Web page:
Nature is my Medicine

Most of my earliest memories are filled with the lush, green visions of forest in Mississippi and Arkansas.  My parents took my sister and brother and I camping in the falls and summers; we would venture to the Ozark Mountains in Arkansas where we played in streams, dodged water moccasins and climbed over rocks and boulders, to get a better view.  

As I grew older, nature continued to call to me.  The biggest reason that I chose the college I attended was because it was nestled in a valley of the same mountains I grew up playing in.  I've gone white water rafting on the Ocoee river in the Cherokee National Forest,  canoed down the Buffalo River in Arkansas, camped in the dry heat of Santa Fe, and slept in a van in Yellowstone.  So many adventures are lodged in my memory as many of the best times of my life. 

When I moved to Austin, Texas 5 years ago, I thought less about nature and more about living in a city for the first time.  Regular excursions in the woods turned into biking adventures to the city downtown.  Camping trips became replaced with weekend yoga workshops and networking events, as I familiarized myself with my new home.  However, my love of nature has always beckoned me.  

I have found my special spots off the beaten path in Austin; of which I will keep to myself for reverence to their untouched nature.  I have foraged for mushrooms and eaten wild onions right from the ground.  I have discovered a southwest-style nature that I never saw growing up, save for yearly road trips out to California where cacti dotting the landscape always seemed unfamiliar.

I want to share with you my most recent outdoor excursion; a simple 2 hour walk on the greenbelt to forage for wild edibles, just the other day.  On this trip, my goal was to find Wood ear mushrooms (a meaty delicacy!) and gather Cleavers (a detoxifying herb) and spring onions.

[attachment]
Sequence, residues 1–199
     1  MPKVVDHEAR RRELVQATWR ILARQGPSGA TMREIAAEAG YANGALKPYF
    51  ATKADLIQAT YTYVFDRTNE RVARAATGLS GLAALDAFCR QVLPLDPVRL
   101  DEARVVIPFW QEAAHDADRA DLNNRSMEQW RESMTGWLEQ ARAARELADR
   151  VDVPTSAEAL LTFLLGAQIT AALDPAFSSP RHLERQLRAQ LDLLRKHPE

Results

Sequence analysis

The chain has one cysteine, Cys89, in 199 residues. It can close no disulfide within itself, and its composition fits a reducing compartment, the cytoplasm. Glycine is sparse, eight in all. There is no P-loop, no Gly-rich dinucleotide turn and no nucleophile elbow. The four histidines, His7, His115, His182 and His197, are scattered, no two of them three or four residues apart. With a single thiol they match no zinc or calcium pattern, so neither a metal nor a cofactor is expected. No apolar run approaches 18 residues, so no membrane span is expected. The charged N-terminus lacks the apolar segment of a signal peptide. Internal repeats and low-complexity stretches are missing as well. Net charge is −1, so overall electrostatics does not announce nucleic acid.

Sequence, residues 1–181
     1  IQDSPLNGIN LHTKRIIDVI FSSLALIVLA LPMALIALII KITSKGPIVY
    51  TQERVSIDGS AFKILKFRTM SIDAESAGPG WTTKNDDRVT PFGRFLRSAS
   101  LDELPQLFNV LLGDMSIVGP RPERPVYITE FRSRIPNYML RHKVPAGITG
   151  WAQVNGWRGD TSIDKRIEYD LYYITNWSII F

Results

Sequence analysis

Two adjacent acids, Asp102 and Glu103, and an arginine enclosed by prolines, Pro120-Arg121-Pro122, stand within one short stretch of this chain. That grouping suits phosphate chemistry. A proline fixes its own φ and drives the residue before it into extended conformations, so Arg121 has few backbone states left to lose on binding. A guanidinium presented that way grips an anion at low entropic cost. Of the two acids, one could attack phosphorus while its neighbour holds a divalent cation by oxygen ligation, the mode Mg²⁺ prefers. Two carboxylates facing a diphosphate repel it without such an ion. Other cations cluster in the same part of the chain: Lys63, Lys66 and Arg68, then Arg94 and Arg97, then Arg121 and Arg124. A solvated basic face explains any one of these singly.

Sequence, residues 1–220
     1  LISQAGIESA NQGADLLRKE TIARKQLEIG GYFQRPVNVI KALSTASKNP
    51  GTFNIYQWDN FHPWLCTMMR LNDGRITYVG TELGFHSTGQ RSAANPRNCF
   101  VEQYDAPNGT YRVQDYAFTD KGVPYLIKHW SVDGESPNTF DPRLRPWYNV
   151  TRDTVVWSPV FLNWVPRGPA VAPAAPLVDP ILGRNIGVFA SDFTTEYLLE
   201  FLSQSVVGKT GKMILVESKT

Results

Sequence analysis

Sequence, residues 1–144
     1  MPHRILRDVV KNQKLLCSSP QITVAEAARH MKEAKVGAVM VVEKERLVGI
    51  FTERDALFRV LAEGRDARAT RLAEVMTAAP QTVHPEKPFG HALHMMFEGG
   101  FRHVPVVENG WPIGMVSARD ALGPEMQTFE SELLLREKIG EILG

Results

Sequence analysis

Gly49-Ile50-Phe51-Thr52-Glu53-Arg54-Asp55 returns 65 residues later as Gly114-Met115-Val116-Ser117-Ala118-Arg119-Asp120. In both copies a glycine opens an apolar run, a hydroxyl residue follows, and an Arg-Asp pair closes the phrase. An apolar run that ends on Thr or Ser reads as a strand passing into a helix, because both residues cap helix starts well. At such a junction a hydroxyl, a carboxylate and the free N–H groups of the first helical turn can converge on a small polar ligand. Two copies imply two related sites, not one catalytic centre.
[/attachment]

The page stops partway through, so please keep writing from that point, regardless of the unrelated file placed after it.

Wood-ear Mushrooms

Wood-ear Mushrooms

Whenever I go foraging, the energy around me seems to shift into something quiet, and still.  I feel that I must be alone, and silent so that I can listen to where each plant may be hiding.  Cleavers are extremely prominent and weren't hard to find; but it's the mushrooms and wild onions that call for that stillness.  

I first happened upon a small batch of Cleavers but they were nestled amongst poison ivy, so I let them be- for obvious reasons.  I knew I would stumble upon more.  Next, I found what I call "my mushroom log" - a trusty fallen branch that seems to always grow Wood-ears after a heavy rain.  I hit the jackpot on this day! I was able to forage 2 handfuls of these earthy treats- I always leave a few, out of respect for this Earth-offering.  

wild Cleaver

wild Cleaver

Further down, I made it to my favorite spot by the water- white rocks that make me feel like I'm in a tropical grotto. I spent some time meditating before I journeyed back.  I happened upon an enormous Cleaver crop. I only needed a handful so a handful is all that I picked.  

As I made my way to the end of my adventure, I spotted a beautiful batch of wild spring onions.  You have to be careful when picking onions; there is a look alike but toxic plant. If it smells like onions, then it is onions.  I picked just a few to put into some soup I will be making this week.

When I got home, I began the process of drying the mushrooms. They'll last for ages, once dried, and can then be rehydrated in soups or stews. The texture of them is truly amazing.  I made a tincture with the Cleavers and Gin to help with PMS, breast tenderness, and to flush the lymphatic system.  I also made a facial toner by covering them with witch hazel. The final thingI made with the Cleavers is a drinking vinegar, with apple cider vinegar. Each of these tonics will need to rest in a cool, dark place for at least 4 weeks and then they'll be ready to use! 

For me, my body has no choice but slow down when I am immersed in nature.  The sounds of the birds, rushing water, and the breeze on my skin brings back home to myself. I feel like we can all return home to ourselves when we put on feet on the bare ground.  Each time I go for a hike, I always take off my shoes and feel my toes on the dirt. 

There is nothing more satisfying than spending a few hours with no distractions except lush greenery and butterflies.